Former chief justice to lead on changes to controversial sex offender program


The former chief justice who led the calls for changes to Minnesota's controversial sex-offender treatment program has been chosen to lead the efforts to reform it.

The Star Tribune reports that Eric Magnuson, a former chief justice of the Minnesota Supreme Court, has been picked to be a "Special Master" overseeing the correction of "serious constitutional problems" at the Minnesota Sex Offender Program (MSOP) that were identified in a federal trial that ended last month.

In the trial, U.S. District Judge Donovan Frank concluded that the Minnesota Sex Offender Program (MSOP) was "unconstitutional" as it kept hundreds of sex offenders confined in two high-security facilities indefinitely after they have served their prison terms – with none ever being fully released.

And with the appointment of Magnuson by Judge Frank, the Star Tribune says it is a "clear sign" that the state wants to move quickly to reform MSOP and the way it handles offenders at its treatment centers in Moose Lake and St. Peter.

Magnuson had previously led a task force that recommended the program be overhauled in 2013, and according to the Duluth News Tribune will now play a "nonadversarial" role in working with the court and the state to establish changes at MSOP.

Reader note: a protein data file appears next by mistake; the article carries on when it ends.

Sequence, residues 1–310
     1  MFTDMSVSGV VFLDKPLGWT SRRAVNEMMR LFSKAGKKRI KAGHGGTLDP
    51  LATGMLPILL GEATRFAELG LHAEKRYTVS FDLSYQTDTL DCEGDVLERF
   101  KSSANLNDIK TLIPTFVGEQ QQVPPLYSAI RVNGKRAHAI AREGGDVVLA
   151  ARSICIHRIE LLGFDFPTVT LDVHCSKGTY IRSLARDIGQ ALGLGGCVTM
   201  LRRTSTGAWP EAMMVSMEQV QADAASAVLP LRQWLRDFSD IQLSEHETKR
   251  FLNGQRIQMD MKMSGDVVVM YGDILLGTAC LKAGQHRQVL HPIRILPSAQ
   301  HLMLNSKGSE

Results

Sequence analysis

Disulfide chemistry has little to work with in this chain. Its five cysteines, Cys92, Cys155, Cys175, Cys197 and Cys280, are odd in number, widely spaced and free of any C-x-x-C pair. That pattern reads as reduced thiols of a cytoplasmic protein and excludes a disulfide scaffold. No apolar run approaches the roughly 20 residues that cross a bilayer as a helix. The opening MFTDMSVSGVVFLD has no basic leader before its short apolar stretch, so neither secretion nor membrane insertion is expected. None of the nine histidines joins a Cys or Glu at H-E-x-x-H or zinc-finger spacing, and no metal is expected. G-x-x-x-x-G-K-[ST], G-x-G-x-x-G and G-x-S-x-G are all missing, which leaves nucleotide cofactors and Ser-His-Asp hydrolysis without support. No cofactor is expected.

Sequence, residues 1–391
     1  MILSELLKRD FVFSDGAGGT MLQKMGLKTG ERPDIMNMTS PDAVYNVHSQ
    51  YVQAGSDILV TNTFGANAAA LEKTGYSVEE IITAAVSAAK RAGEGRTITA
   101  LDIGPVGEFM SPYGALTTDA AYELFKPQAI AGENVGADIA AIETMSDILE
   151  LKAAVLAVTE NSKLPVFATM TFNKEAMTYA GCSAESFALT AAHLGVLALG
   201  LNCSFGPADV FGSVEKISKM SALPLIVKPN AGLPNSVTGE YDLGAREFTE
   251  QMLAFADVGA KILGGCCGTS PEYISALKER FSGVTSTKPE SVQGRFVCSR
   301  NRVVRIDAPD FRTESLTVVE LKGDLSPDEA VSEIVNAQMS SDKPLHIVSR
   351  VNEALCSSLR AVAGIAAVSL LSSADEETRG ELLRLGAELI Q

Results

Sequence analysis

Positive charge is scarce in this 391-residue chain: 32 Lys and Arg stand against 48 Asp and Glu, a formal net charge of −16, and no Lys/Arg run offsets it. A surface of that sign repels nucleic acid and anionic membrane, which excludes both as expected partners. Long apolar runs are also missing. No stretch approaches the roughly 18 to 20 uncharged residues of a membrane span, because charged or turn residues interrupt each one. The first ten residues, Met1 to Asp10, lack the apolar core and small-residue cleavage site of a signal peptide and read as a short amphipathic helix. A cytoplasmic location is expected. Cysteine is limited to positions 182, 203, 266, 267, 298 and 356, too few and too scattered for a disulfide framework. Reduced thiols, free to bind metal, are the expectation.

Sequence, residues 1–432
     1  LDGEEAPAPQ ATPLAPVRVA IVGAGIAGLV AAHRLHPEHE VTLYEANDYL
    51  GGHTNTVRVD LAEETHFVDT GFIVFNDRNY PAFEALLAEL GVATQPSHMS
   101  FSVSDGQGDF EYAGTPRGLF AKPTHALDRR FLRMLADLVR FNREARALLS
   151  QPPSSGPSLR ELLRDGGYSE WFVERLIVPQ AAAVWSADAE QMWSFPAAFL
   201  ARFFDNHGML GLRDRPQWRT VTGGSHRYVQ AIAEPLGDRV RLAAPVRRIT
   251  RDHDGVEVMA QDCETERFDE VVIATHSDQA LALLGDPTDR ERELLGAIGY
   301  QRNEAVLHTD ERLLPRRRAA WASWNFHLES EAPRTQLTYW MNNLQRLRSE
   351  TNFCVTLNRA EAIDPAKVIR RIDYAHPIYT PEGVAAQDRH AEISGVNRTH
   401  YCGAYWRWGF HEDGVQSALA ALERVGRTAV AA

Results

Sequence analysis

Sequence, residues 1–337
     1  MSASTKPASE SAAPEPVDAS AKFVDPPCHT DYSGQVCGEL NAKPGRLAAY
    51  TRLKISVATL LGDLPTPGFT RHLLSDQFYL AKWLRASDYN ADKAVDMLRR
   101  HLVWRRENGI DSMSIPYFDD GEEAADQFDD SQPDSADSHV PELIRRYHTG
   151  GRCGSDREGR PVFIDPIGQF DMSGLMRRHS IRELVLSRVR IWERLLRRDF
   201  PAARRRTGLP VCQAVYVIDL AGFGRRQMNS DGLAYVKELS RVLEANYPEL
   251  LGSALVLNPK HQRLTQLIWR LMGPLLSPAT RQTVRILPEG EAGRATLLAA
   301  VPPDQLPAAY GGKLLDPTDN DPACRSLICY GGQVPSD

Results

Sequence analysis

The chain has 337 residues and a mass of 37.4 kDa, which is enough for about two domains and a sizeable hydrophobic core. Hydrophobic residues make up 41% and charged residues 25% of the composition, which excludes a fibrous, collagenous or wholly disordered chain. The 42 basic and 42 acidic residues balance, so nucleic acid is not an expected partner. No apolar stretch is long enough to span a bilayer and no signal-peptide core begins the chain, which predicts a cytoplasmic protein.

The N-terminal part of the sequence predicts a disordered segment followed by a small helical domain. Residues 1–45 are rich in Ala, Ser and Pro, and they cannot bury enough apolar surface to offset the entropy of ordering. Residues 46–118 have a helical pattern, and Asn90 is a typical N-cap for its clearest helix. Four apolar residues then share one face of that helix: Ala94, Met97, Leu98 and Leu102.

"The appointment of a Special Master in this case is necessary to coordinate the efforts of the parties," Judge Frank said, "to accommodate the public interest in achieving prompt and just solutions to the serious constitutional problems identified by the court, and to lessen the expense and strain of resources on the court and the parties in a case of this magnitude."

Something 'very wrong' with MSOP

At the end of a class action lawsuit filed on behalf of the 700-plus offenders currently committed to the MSOP, Judge Frank wrote: "The stark reality is that there is something very wrong with this state’s method of dealing with sex offenders."

"In light of the structure of the MSOP and the history of its operation, no one has any realistic hope of getting out of this ‘civil' detention," he added.

Judge Frank gave Minnesota's political leaders – including Gov. Mark Dayton – until August 10 to propose solutions for the issues with MSOP, MPR reports, warning that the court will impose its own solutions if the ones put forward aren't acceptable.

It will be Magnuson's job to oversee the changes approved by the court.

Magnuson served as Chief Justice of the Minnesota Supreme Court between 2008 and 2010. He is now a partner at Robins Kaplan LLC in Minneapolis. He has agreed to carry out his duties as "Special Master" free of charge.

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